Friday 6 November 2015

Ralph Mott

It is astonishing to find out just how much information has come up online in the past five years. In the early days of Modern Printmakers I wrote a rather crude and facetious post about the London sales promotion firm, Ralph & Mott, in the vain hope that someone would come up with information about the artists who worked for them. This week I was finally given two web addresses by a reader and decided to try and put together all the information and best images that are now available online.
The business was set up I believe in the late twenties by Rickman Ralph and Geoffrey Mott at 46, Gillingham St, Eccleston Square, in well-to-do west London. The pair had already collaborated and the new business built on their success by taking a modern and efficient approach to all types of visual sales promotion. Inevitably, transport, travel and holidays provided a good deal of their work but the firm also designed information booklets like the one (above) for I.C.I.

As you see, there was no obvious house-style aside from a strong image with clear messages. Nor were they the most stylish of operators in the field, although their poster of  Paignton gave G.W.R. as chic an image as any that might have been provided by Tom Purvis. But this was a sophisticated operation with a sophisticated address, employing artists who were well aware of contemporary styles and were able to project a modern image yet present a message that was understandable to the public. For the Radio Times, Edward MacKnight Kauffer was combined with an intriguing use of collage while G.W.R. were offered bold deco lettering and Paul Nash's soft surrealism.

But it is the simple repetition of the circular logo, the gold ball, the letters O and G and other letters and words that is striking. One of their selling points was that commissions were discussed 'in Committee' and what in fact they were offering companies was sales by way of both information and an image with a strong dose of modern psychology.  I also need to add that Ralph Mott also produced artists prints which they signed in pencil. One showing part of old Sarajevo appears on the previous post about the firm and I seem to remember a flower print in the style of John Hall Thorpe. It may appear unscrupulous today but I suppose at the time people knew what they were buying.

I still don't know what kinds of backgrounds Ralph or Mott had but neither were young when they began the business. What strikes me most is how uncertain I was about which image to open the post with! Usually with any artist it is deadly obvious which image will look best at the head of the post. With Ralph & Mott, I was spoilt for choice.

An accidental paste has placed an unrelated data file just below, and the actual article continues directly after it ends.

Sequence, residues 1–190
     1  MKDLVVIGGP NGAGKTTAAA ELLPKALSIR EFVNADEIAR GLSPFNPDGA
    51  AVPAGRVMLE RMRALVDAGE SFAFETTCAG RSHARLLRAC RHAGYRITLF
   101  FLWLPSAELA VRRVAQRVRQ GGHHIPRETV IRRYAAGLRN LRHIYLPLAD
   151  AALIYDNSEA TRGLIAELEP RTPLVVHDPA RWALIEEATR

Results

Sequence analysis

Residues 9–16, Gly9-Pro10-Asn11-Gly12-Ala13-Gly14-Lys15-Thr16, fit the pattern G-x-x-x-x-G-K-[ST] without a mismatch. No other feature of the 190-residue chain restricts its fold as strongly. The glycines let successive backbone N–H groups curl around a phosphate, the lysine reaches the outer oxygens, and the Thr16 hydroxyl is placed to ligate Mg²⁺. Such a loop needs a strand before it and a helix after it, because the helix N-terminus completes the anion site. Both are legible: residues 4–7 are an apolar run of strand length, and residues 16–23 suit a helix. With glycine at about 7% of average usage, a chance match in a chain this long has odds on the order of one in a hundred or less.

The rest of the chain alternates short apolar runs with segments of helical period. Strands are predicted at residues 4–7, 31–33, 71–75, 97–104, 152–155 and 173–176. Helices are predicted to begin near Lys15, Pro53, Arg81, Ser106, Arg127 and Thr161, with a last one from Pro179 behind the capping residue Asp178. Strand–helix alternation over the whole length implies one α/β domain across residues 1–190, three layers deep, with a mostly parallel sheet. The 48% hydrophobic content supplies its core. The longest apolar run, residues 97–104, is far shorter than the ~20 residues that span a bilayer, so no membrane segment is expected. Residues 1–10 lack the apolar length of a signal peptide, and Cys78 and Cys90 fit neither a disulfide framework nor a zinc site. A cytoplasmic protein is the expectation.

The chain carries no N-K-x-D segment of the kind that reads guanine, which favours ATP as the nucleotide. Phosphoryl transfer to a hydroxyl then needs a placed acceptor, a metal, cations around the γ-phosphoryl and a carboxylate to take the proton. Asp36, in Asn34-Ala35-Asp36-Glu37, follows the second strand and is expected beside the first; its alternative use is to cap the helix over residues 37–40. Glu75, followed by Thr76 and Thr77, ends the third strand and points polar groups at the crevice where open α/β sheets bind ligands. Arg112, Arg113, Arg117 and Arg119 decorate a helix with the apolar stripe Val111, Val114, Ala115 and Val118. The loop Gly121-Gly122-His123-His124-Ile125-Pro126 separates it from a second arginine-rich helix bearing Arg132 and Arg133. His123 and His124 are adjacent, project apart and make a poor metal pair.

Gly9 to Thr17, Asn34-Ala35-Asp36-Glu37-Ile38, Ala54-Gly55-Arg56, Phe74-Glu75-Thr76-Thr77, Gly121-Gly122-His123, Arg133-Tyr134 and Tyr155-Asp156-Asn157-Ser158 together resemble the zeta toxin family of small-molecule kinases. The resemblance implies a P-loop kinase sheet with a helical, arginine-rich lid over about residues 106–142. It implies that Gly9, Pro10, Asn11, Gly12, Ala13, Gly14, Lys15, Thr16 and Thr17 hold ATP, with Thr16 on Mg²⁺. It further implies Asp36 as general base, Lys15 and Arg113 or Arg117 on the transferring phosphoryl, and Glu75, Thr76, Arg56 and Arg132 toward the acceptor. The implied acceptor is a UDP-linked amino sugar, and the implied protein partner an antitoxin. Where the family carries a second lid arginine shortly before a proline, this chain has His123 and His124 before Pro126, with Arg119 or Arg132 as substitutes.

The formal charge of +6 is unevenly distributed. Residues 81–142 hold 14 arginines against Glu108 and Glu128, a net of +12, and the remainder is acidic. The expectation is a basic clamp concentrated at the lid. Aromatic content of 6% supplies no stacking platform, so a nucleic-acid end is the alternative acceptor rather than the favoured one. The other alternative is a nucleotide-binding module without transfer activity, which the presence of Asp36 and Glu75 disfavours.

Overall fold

As for their staff, in 1920 they took on Reginald Lander who became chief designer and head of studio. Lander had trained at Hammersmith School of Art and may be responsible for so many of the cool tones of the images because they tend to occur in his work for other companies after the war. He worked in watercolour and gouache and surprisingly a number of original designs from the studio using both mediums have survived. The only other artist I know of is Edna Reynolds who went by the name of Jenny Reyn ie Wren. She had trained at Wycombe Art School in Buckinghamshire while she was still at secondary after her headmistress recognised her talent. Like Lander she went to work for Ralph and Mott in 1930 but both artists lost their jobs after the outbreak of war when their employers decided to close the business 'for the duration' in an attempt to preserve their capital.

It is always possible I suppose when you look at the details of these images to tell they come from the 1930s. All the same what impresses me about so much of this work is how much it has in common with our own advertising. The clarity and simple division of lettering and images and use of basic colours is remarkably modern. No one style was allowed to come out on top and they were always full of ideas. Look no further than this poster for Buxton where three kinds of typography alone were used - clean modern deco for basic information, descriptive lettering for large appeal and Roman characters to add further interest and depth. Living not so far away, I know Buxton and find the image entrancing, but for readers who do not know the place, Buxton was a Roman town with natural springs, and St Anne's Well can befound at the bottom of the hill in front of the crescent you can see. Hence the figure pouring water from the vase. Its appeal is relaxing, stylish, erudite - and convincing.

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I am indebted to various sources. Not surprisingly the invaluable National Railways Museum at York is one of them but I also have to include bearalley.blogspot, Liss Fine Art, the Science Museum, Quad Royal, The Travelling Art Gallery, halasbatchelor75, Moore-Gwyn Fine Art and frenesilivros.blogspot. Special thanks also to Peter for the leads.